Most importantly, it doesn’t mention anything about the refugee portion of the order. There’s no information there, at all.

The same holds true on Homeland Security’s site. The only information I could find about the executive order came from in a departmental press release about the ACLU’s lawsuit against it. In the release, DHS defends the ban as applying to only a small number of people — but does virtually nothing to explain who it actually applies to.

“President Trump’s Executive Order affects a minor portion of international travelers, and is a first step toward reestablishing control over America's borders and national security,” the statement reads. “Prohibited travel remains prohibited.”

This is the closest thing to a justification or argument in favor of the ban I could find outside of the White House, and it’s not much of one. It doesn’t address the central criticisms of the executive order — that it targets a specific religion and puts vulnerable people in harm’s way — and even manages to imply that the ban will be expanded.

Perhaps most importantly, it fails at the basic task of a government agency’s statement, explaining what the actual policy does. “Prohibited travel remains prohibited” is a useless tautology.

And that’s it, as far as statements relating to the refugee portion of the executive order.

There’s not even a mention of the policy on the US government websites for America’s refugee policy, either the one managed by State or DHS. Those have detailed instructions on how to apply for refugee status in the United States — guidance that clearly no longer applies, at least for the next 90 days.

If you just read those pages, in short, you’d think the United States was still admitting refugees.

Moreover, critical details of the policy still remain unanswered. How does this order affect, say, refugees who are currently en route to the United States? What about a refugee who has been admitted to the United States and resides here, but is currently visiting a relative abroad? Could they come back?

It’s been nearly 48 hours since Trump signed the executive order, and the US government still has no consistent line on what it’s doing on refugees. The information that’s out there is incomplete at best, and directly contradictory with current policy at worst.

Do you come from one of the seven countries? The US government is not here to help.

Turkmen children
Syrian refugees.
Miguel Medina/AFP/Getty Images

The information available to citizens of the seven countries whose citizens are banned from entry is a bit of a mixed bag. Some of the relevant official US government websites — the embassy page for the impacted countries where the US maintains a diplomatic presence and a “virtual portal” for those that it doesn’t — have more information than the general websites or the resources for refugees. But others are worse than useless.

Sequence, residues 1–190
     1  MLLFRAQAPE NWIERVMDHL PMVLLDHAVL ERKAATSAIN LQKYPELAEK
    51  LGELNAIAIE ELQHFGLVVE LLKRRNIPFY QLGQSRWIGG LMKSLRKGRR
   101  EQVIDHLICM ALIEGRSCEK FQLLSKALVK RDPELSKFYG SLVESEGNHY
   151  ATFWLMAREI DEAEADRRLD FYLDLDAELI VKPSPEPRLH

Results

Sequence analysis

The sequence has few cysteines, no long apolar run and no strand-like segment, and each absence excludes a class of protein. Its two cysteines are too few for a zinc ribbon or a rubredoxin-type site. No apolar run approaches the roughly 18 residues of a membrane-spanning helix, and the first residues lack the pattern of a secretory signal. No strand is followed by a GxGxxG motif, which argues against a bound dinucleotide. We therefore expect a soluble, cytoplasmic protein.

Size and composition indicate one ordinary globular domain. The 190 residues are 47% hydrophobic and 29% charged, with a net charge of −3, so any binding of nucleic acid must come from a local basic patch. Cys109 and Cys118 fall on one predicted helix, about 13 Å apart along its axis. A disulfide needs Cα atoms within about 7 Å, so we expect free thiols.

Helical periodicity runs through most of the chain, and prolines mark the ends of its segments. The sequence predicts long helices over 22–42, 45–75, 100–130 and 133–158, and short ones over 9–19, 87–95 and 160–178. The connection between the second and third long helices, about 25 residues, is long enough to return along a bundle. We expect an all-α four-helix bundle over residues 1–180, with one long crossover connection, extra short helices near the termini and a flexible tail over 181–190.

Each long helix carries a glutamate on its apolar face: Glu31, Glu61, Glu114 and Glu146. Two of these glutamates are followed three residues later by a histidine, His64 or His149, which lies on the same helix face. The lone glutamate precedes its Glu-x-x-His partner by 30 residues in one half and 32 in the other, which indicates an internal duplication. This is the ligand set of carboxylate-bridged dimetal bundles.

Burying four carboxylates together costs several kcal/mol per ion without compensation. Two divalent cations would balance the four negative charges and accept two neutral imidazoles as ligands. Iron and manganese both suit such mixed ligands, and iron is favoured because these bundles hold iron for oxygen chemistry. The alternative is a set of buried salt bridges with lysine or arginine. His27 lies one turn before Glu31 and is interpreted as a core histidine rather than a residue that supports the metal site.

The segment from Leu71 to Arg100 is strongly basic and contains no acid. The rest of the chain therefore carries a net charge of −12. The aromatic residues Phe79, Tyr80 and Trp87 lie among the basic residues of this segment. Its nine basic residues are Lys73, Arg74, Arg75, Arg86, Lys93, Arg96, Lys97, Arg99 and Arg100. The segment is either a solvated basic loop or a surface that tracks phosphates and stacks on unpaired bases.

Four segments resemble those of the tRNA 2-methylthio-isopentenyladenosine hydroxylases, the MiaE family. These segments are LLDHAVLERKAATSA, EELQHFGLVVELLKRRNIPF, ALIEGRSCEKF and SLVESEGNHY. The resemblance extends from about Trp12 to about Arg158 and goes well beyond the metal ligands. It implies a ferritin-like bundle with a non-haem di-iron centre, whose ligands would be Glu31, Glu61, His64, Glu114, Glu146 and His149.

Four out of the seven — Libya, Syria, Somalia, and Yemen — have no mention of the ban on entry whatsoever. The Yemeni site is actually somewhat dangerous. It’s not only telling Yemeni citizens that the United States is still accepting visa applications from them, but actively encouraging them to travel to a foreign country to apply (the situation in Yemen has long been too chaotic for US diplomats to conduct regular business in).

“The U.S. Department of State is scheduling immigrant visa appointments for Yemeni applicants at the U.S. Embassy in Djibouti,” the site explains, despite the fact that visa admission from Yemen has been suspended. “Interviews are being scheduled in order of the date the case became documentarily qualified and eligible for scheduling.”

The US government portal to Sudan is more helpful. It has a big warning telling Sudanese citizens of the change in policy, with detailed information on how the executive order might affect them.

On January 27, 2017, visa issuance to aliens from the countries of Iraq, Iran, Libya, Somalia, Sudan, Syria and Yemen has been suspended effective immediately until further notification. If you are a national, or dual national, of one of these countries, please do not schedule a visa appointment or pay any visa fees at this time. If you already have an appointment scheduled, please DO NOT ATTEND your appointment as we will not be able to proceed with your visa interview. Please note that certain travel for official governmental purposes, related to official business at or on behalf of designated international organizations, on behalf of the North Atlantic Treaty Organization, or by certain officials is not subject to this suspension.